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When you give money to support a project on Kickstarter, does it make you a donator or an investor ? That was the question when the news of Facebook buying Oculus came out.
Oculus began it’s adventure as a small group of developers in a garage, with a bright idea. They post their idea on Kickstarter, hoping to crowdfund the 250.000$ the developer needs to start their project of a virtual reality headset.

(Photograph by David Caudery/Edge Magazine via Getty Images)

9522 backers believed in them. This is as many people who won’t get a cent from the 2 billion dollars Facebook spent to buy Oculus.
Funding a project on Kickstarter is a donation. It is not an investment. When you give money to a project on Kickstarter, you have no legal recourse if the project stays on hold and never gets to hit the market. You are thanked by the team of the project, which rewards you by pre-selling you the product, or by giving a full access, these kind of things. You’re not part of the company, you’re not a shareholder. You’re a donator.
Does it mean that you’re not allowed to have your word on the path chosen by the company you partially funded?
When the news spread, backers couldn’t believe what they were hearing. Reactions went from disgust to a feeling of betrayal.
Even if it was implicit, backers had the feeling that Oculus owed them. If Oculus was so successful, it was thanks to the support of the many backers.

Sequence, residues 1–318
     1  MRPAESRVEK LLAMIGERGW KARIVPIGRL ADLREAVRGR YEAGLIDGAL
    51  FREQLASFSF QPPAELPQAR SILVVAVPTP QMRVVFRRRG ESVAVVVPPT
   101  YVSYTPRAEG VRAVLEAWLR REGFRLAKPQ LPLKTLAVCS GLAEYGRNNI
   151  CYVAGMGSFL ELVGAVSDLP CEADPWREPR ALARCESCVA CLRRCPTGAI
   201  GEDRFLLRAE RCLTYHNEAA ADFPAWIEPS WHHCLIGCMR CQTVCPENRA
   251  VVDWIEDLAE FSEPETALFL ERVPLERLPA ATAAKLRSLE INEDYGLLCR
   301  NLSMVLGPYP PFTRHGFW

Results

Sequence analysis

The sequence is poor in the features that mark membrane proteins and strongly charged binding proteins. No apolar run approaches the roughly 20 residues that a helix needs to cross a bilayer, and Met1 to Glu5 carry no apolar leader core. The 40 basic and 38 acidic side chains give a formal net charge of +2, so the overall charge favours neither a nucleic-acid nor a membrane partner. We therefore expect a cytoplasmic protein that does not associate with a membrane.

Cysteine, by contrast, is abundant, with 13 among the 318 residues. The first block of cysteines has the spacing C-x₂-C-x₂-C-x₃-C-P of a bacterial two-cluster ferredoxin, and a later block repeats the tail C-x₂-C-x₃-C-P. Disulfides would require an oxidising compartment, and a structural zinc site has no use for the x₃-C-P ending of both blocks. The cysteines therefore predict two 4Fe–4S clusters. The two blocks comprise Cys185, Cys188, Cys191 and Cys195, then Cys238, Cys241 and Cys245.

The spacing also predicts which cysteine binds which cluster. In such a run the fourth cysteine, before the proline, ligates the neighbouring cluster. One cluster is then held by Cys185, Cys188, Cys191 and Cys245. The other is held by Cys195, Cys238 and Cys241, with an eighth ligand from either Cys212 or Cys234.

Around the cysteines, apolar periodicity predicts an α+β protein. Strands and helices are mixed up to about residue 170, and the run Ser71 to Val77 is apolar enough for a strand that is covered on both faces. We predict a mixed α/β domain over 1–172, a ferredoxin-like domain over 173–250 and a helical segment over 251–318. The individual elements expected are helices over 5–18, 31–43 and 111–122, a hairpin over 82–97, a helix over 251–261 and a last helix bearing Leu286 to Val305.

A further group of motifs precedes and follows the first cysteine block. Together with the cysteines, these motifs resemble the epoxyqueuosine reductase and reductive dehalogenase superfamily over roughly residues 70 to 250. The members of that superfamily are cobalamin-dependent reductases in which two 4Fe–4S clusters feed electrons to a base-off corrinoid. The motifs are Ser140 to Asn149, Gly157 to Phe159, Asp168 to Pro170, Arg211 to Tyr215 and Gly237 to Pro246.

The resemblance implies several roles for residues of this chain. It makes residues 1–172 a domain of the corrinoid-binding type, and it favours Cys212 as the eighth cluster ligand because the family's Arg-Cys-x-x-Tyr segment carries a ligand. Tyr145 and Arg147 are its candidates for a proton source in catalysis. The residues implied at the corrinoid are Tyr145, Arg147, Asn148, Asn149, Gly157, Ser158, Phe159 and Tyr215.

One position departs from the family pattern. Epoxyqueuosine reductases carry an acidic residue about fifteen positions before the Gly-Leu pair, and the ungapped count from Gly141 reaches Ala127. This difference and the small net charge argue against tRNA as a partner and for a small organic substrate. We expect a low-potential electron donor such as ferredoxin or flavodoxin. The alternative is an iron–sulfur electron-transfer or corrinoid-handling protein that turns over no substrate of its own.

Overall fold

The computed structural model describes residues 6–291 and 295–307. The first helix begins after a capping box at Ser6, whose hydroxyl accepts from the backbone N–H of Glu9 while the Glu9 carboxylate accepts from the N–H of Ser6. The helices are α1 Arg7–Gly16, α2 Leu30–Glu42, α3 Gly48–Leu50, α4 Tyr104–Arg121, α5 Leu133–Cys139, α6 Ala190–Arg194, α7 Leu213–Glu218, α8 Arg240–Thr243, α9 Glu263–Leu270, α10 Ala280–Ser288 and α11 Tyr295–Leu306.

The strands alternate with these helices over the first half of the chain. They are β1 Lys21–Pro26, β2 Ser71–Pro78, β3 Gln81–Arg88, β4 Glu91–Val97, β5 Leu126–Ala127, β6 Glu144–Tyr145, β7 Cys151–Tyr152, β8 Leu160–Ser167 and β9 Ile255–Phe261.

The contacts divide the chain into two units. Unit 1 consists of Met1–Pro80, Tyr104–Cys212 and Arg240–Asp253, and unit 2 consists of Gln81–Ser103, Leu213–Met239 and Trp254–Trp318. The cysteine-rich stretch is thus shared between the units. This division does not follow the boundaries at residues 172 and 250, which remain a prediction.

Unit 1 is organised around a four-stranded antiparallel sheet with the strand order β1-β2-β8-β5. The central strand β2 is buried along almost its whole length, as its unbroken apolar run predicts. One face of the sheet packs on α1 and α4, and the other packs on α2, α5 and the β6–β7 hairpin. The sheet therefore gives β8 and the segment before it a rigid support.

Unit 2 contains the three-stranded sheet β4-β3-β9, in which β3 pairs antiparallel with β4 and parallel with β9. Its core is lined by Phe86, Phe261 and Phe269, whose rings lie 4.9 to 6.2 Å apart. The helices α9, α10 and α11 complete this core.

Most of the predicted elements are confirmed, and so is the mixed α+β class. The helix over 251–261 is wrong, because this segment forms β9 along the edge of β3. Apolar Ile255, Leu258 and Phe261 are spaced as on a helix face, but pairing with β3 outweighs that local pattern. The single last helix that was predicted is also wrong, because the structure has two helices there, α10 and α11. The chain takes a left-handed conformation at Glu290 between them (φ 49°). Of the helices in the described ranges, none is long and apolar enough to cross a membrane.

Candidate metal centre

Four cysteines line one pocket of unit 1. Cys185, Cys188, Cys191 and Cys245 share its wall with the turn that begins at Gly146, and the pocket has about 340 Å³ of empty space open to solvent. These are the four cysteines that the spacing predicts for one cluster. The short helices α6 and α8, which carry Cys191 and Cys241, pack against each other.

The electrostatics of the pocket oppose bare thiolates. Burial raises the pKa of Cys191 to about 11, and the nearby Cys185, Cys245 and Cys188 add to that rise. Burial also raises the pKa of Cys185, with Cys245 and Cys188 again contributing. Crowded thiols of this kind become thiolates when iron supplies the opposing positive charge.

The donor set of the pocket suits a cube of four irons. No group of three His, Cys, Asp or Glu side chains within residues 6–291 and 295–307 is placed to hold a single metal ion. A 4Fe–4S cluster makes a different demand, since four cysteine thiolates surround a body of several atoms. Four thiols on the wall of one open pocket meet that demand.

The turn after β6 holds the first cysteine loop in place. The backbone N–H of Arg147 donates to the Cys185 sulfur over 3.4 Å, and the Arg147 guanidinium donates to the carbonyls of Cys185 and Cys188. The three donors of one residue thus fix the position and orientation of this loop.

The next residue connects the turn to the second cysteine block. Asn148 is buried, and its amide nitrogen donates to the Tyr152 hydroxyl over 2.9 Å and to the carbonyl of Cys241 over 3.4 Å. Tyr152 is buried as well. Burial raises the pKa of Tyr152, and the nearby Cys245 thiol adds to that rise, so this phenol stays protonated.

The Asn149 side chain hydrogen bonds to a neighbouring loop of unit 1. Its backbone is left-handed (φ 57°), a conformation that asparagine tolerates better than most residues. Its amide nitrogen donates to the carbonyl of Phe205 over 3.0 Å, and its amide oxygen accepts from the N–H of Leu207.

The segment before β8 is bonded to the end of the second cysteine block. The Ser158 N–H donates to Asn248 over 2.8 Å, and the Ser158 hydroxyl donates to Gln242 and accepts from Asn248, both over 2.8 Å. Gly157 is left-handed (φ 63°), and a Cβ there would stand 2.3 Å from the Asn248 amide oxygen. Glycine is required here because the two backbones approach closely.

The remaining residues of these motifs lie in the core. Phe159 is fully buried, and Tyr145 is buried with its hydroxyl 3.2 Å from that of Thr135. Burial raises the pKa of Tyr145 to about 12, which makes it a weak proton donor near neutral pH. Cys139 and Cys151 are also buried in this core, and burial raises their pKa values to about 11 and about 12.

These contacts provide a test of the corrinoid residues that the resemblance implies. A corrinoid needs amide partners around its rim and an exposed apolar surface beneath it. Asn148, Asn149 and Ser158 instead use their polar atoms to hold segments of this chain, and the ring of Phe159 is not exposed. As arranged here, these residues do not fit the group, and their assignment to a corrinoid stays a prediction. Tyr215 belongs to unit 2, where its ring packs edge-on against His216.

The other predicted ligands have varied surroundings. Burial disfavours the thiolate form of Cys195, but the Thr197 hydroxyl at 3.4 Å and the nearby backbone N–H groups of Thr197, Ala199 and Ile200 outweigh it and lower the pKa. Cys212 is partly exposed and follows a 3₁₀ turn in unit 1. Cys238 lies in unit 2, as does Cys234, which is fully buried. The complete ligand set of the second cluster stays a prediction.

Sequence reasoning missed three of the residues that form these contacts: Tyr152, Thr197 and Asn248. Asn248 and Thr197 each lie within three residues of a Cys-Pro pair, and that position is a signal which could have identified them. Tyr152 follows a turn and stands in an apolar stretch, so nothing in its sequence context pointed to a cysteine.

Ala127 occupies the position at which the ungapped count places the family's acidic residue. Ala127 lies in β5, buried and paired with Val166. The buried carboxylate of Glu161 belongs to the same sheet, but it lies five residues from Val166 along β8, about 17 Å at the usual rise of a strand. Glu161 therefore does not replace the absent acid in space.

For some, this decision to become a part of Facebook was a sell-out for two reasons:
First, because selling a company that was the face of innovation and ambition, a part of the future and the dream of little developers with ambition, was a shame.
Second, because the buyer was Facebook, symbol of greed, big money and levelling down of mentalities. Facebook has the reputation of buying small successful little companies to incorporate them in its big Facebook mall. People felt like they were backing Facebook.
The dream of video games in virtual reality at home turned into the perspective of getting Candy Crush requests in 3D. Even Notch, founder of Mojang and creator of the world-famous game Minecraft, canceled his scheduled deal with Oculus after the news came out, because “Facebook creeps [him] out”.
This story is a reminder that when you back a project on Kickstarter, you’re simply donating, not investing. You can’t tell where the company will end its course.
Disappointed backers of Oculus can still turn themselves to Sony’s Morpheus, who certainly benefits from that change in the competition.
0727718   Alexis CORNILLEAU

Etudiant en Master 2 Gestion et Droit de l’Économie Numérique, passionné de modernité, de nouvelles technologies, et d’e-sport.  Vous pouvez consulter mon profil  LinkedIn couleurou logo Twitter couleur 

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